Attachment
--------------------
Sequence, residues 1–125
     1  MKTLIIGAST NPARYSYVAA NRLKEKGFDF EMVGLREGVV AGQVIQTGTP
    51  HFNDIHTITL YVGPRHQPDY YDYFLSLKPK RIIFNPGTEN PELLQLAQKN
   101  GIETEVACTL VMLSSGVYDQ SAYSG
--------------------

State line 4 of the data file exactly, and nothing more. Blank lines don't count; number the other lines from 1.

   101  GIETEVACTL VMLSSGVYDQ SAYSG